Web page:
New York, NY (March 3, 2008) - Men who were tiny babies are significantly more likely to develop potentially life-threatening kidney disease, according to data collected from thousands of people as part of the National Kidney Foundation’s Kidney Early Evaluation Program (KEEP). TM
In a major surprise, however, the authors found that the link between low birth-weight and kidney disease existed only in men, not women. This result contradicts previous research, conducted among smaller groups of people, which found that both women and men who were tiny babies were more at risk of kidney problems later in life. The findings appear in the March issue of the journal Kidney International.
“By refining our understanding of the relationship between low-birth-weight and kidney disease, these findings will help us reach an important goal: identifying the people most at risk of kidney disease at an early stage, when treatment is most effective,” says Bryan Becker, MD, a member of NKF’s KEEP steering committee and study co-author. “Hopefully this report will bring us one step closer to curbing the worldwide epidemic of chronic kidney disease.”
The rate of chronic kidney disease, or CKD, has reached shocking proportions. According to findings released late last year, 26 million Americans have CKD, which can progress to kidney failure. Once people develop kidney failure, they need either dialysis or a kidney transplant to survive. More than 350,000 Americans are currently receiving dialysis treatment.
The NKF’s KEEP has screened more than 100,000 people with major risk factors for kidney disease, including diabetes, high blood pressure, and a family history of kidney failure.
As part of the current study, the authors reviewed data collected from 12,364 people screened as part of KEEP. Participants reported their birth weights and were tested for CKD.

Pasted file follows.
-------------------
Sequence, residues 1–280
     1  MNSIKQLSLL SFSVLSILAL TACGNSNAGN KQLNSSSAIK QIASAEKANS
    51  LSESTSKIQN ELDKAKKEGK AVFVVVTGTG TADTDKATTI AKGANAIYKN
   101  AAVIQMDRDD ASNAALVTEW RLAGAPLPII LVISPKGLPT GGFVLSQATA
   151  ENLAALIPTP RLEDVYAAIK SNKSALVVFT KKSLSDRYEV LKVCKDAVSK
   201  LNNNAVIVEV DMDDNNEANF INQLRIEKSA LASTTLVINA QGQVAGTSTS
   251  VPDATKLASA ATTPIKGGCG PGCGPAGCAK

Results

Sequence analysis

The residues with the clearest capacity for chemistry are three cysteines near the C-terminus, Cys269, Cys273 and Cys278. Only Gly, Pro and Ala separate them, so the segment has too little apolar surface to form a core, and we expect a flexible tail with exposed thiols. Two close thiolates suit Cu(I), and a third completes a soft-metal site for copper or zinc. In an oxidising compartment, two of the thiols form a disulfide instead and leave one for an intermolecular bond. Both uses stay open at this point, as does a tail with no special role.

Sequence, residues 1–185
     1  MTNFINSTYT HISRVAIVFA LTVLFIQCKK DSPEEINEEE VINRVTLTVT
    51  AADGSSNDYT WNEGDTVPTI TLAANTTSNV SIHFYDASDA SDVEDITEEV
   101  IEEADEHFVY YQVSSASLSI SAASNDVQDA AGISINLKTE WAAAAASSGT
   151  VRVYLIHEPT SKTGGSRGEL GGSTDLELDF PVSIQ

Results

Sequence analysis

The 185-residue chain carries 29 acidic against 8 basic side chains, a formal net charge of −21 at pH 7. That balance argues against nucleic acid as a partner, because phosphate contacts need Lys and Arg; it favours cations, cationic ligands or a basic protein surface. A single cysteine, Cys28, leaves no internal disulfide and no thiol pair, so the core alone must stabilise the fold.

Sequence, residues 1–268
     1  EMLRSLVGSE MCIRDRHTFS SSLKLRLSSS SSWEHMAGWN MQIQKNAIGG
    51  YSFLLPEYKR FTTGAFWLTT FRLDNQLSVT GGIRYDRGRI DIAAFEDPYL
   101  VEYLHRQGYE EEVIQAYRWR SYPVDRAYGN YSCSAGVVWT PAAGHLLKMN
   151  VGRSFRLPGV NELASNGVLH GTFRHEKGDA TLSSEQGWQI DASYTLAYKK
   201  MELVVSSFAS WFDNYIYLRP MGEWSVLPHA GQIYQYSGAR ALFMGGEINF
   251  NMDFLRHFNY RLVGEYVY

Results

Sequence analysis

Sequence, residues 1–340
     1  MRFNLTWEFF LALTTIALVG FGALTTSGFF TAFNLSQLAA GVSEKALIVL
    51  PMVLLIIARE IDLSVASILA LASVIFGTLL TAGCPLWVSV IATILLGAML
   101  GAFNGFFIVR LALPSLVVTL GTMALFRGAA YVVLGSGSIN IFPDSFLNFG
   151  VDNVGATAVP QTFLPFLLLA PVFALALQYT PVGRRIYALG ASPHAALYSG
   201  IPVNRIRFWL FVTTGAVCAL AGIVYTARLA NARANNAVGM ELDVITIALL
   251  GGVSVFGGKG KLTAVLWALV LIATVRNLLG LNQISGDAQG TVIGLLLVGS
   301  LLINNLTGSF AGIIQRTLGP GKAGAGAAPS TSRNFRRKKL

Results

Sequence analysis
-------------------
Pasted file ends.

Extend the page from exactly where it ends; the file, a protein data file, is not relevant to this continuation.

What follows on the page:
The authors found that men who weighed less than 2500 grams (5.5 pounds) at birth were 65 percent more likely than men born at normal weights to have CKD. However, the researchers did not see a similar relationship among women.
It’s unclear why low-birth-weight might be related to CKD, although the authors note that tiny babies may not grow properly in the womb and develop fewer or smaller tiny clusters of blood vessels inside the kidney that filter blood, known as glomeruli.
The researchers also did not see any racial differences in the relationship between birth weight and CKD risk, which also contradicts previous research.
“These findings demonstrate the value of screening large numbers of people – thousands – for clues about CKD, and reaffirms the importance of the NKF’s KEEP initiative,” says Becker.
The National Kidney Foundation is dedicated to preventing kidney and urinary tract diseases, improving the health and well-being of individuals and families affected by these diseases and increasing the availability of all organs for transplantation.
For more information about chronic kidney disease and KEEP screenings visit www.kidney.org